The public responded loudly when the draft EIS was released in May. Many individuals and organizations flooded public hearings with comments and criticisms. Many believe the process is being rushed.

Media analysis is coming in. The Star Tribune headline read: Report: Enbridge Line 3 options all would have negative effect on American Indians. MPR went with the neutral headline: Line 3 oil pipeline environmental review released.

Missing from media analysis and from the EIS is an analysis of whether we need this pipeline.

The answer is no. This pipeline has nothing to do with U.S. energy independence; it has everything to do with corporate profits from gas exports to developing countries. Two important facts. First, Minnesota’s refined petroleum sales (gas, diesel, jet fuel, etc.) is down 19 percent from our 2004 peak. Second, the United States is now a net exporter of refined petroleum products and our exports are growing annually. We don’t need more tar sands crude.

The pipeline threatens our environment and treaty rights and gives the state and nation no long-term benefits.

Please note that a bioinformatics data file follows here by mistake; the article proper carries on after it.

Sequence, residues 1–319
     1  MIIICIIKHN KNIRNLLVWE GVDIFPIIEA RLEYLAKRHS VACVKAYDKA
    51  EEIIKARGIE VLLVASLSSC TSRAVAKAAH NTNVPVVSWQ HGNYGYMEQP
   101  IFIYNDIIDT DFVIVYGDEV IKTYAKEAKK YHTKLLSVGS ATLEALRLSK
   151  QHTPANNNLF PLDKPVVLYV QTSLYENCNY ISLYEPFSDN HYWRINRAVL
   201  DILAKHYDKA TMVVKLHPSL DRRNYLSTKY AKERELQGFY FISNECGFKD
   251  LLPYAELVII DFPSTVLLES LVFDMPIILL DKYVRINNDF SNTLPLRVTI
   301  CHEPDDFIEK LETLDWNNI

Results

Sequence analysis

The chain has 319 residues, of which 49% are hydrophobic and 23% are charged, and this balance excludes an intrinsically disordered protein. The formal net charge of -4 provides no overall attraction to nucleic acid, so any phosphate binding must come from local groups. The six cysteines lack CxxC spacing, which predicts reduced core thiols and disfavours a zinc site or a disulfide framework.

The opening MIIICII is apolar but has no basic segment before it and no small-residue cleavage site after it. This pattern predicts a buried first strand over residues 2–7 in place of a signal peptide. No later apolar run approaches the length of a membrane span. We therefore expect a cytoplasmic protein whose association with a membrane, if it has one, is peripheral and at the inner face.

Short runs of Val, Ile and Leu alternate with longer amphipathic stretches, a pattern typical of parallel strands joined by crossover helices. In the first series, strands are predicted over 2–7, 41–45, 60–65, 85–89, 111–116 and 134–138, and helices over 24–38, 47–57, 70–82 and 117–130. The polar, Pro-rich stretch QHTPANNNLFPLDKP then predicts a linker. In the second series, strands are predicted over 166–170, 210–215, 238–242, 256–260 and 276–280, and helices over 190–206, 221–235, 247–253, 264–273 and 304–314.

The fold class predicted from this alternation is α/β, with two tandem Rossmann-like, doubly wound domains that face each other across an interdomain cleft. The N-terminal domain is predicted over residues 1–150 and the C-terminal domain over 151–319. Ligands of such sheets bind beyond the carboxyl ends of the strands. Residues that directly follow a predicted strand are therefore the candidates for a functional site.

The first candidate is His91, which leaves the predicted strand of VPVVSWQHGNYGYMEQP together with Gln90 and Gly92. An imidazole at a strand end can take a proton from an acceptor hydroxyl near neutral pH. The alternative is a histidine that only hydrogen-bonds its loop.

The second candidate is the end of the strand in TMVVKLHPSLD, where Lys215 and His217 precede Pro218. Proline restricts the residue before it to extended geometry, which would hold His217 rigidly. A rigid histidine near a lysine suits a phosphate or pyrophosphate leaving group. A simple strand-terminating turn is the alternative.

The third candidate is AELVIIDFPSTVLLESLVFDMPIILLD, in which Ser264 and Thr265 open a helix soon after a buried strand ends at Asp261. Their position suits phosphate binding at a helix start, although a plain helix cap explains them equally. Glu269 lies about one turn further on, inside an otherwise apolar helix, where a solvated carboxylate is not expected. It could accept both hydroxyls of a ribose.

I am just starting to go through the EIS, but here are some early takes. Continue reading

Red Lake Nation Asks Governor Dayton to Delay Release of EIS on Enbridge Line 3

The Red Lake Band of Chippewa Indians (Anishinaabe) has written Governor Dayton to ask him to delay releasing the final environmental impact statement (FEIS) on Enbridge Line 3. It is scheduled to be released today.

Line 3 is a proposed tar sands crude oil pipeline from Alberta to Superior, Wisconsin, via Minnesotas. It would travel 337 miles across northern part of our state, crossing the Mississippi River twice and threatening wild rice areas. It would violate treaty rights that allow the Anishinaabe to hunt, fish and gather wild rice on off-reservation lands.

In an Aug. 15 letter to Dayton, the Red Lake Tribal Council said the state’s draft environmental impact statement (DEIS) of Line 3’s impacts to tribal resources “is clearly inadequate.” It also raises concerns about the departure of Danielle Molliver, the state’s tribal liaison for the project, who recently quit over concerns that the state was not showing a good faith effort to work with tribes.

The letter continues:

In fact, the discussion of tribal impacts in the DEIS and the mitigation that is proposed appears to have been written by Enbridge itself. …

We are also very concerned about the tight time schedule that the Public Utilities Commission and Enbridge are focused on for getting the FEIS released to the Public. The Red Lake Tribal Council believes that it is more important that the drafters of the environmental impact statement meaningfully consider the myriad of issues raised through the public comment, rather than being singularly focused on a tight self-imposed time schedule.